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A giant planet that’s orbiting a dead star is tough. It survived the star’s demise — a process that sent big blobs of hot gas flying out into space. And it’ll probably survive being eroded away by the star’s hot corpse.
The planet orbits a white dwarf — the remnant of a once “normal” star. As the star died, it expelled its outer layers into space, leaving only its hot core. The core is more than half as massive as the Sun, but only about one percent as wide — about the size of Earth.
Astronomers in Europe discovered a disk of gas and dust around the white dwarf. From the size and composition of the disk, they concluded that it’s being fed by a planet. It’s the first planet known to orbit a white dwarf.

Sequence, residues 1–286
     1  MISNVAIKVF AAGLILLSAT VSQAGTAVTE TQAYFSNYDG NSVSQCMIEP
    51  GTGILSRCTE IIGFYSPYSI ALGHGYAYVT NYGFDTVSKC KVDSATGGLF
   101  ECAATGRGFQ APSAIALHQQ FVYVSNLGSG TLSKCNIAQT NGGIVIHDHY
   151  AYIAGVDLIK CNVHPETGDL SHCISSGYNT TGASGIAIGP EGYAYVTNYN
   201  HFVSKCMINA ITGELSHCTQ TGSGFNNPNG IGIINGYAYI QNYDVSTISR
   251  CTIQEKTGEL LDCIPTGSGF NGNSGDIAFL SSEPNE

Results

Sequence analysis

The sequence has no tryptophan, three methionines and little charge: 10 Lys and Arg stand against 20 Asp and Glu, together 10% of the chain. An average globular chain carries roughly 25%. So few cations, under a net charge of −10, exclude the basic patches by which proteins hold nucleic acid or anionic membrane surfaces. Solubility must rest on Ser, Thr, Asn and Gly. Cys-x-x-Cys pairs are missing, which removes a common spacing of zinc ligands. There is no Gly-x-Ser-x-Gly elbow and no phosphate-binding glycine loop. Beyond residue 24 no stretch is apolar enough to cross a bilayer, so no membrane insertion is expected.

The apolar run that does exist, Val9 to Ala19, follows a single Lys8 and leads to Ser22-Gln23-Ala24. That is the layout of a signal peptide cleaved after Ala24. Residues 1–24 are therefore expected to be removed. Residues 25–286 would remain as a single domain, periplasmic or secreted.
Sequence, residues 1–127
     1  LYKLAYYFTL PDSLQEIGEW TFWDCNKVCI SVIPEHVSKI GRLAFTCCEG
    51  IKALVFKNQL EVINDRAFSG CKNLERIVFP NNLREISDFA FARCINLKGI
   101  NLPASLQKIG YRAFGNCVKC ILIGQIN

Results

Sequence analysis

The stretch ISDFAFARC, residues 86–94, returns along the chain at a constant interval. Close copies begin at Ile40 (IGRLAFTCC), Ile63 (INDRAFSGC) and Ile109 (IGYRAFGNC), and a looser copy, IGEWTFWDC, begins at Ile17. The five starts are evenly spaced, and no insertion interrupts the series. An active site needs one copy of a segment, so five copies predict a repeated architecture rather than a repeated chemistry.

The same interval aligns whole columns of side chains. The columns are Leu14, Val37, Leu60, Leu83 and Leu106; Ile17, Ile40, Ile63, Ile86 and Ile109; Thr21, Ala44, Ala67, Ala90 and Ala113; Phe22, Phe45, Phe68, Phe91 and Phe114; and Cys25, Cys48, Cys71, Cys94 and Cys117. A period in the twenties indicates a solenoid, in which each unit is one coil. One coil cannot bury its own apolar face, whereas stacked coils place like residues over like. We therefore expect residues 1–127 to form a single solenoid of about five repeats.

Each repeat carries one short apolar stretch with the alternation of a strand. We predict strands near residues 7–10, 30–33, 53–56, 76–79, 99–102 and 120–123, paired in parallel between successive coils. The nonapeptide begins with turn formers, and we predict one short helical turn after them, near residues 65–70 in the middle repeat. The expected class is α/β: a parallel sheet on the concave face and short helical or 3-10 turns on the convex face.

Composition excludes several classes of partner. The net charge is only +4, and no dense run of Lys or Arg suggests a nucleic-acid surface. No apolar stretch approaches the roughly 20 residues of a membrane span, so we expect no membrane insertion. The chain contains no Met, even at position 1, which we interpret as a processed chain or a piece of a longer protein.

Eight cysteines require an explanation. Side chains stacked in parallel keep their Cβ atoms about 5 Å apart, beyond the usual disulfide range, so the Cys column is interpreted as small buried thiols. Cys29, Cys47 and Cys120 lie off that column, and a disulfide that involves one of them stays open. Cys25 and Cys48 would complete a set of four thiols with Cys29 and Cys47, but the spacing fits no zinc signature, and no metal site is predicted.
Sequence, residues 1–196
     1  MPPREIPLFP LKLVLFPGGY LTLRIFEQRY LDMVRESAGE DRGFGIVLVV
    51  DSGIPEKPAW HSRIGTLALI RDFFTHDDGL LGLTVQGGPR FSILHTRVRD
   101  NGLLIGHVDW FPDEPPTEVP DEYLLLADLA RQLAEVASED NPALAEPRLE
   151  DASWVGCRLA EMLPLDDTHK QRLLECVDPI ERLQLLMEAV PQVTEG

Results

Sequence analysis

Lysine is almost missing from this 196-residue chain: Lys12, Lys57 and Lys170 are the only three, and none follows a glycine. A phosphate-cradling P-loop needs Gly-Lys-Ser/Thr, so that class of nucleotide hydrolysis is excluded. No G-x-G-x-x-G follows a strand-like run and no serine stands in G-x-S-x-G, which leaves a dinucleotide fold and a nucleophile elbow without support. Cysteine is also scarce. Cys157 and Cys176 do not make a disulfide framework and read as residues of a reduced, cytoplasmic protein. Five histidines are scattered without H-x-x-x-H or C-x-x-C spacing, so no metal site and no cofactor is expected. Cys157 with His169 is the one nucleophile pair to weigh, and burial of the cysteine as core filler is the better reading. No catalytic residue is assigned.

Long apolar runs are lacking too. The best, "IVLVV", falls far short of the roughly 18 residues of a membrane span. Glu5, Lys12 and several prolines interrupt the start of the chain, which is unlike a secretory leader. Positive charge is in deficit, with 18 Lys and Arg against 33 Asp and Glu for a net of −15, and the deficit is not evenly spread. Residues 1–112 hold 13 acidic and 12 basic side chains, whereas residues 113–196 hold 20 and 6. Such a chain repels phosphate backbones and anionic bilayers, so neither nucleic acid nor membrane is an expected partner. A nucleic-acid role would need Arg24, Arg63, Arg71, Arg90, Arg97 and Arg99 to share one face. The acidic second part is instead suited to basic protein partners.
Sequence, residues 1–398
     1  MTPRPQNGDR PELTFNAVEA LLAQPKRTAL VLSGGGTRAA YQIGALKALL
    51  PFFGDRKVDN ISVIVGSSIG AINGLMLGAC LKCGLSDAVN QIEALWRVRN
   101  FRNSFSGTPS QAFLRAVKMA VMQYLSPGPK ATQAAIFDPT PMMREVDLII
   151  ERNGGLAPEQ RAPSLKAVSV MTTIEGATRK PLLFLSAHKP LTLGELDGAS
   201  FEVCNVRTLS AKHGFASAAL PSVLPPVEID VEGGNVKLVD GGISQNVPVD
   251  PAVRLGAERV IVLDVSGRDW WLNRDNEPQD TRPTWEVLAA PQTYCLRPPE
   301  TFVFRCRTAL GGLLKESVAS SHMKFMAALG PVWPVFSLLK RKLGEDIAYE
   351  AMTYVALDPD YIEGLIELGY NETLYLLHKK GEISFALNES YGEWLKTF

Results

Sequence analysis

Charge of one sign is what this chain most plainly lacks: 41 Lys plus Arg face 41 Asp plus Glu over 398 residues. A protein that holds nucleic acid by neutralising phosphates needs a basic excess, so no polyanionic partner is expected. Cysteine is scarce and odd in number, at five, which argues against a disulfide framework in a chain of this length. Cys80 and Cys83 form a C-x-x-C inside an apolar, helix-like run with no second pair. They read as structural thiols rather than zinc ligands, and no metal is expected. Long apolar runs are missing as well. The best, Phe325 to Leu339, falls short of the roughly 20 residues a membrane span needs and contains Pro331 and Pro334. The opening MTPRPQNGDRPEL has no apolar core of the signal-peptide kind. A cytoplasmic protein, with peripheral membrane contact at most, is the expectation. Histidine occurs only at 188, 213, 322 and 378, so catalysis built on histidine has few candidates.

The planet is several times the size of the white dwarf. That makes it about as big as Uranus or Neptune, two of the giants of our own solar system. But radiation from the white dwarf is blasting away the planet’s outer layers — at 3,000 tons per second. Much of the debris spirals toward the star, forming the disk.
The researchers say the planet should survive the stellar blowtorch, though. It’ll lose only a small fraction of its mass. It will continue to orbit the dead star as it slowly cools and fades into the long cosmic night.
The system is about 2,000 light-years away. It’s in Cancer, the crab, which is high overhead as night falls. It’s far too faint, though, to see without a telescope.
We’ll talk about a hot moon tomorrow.
Script by Damond Benningfield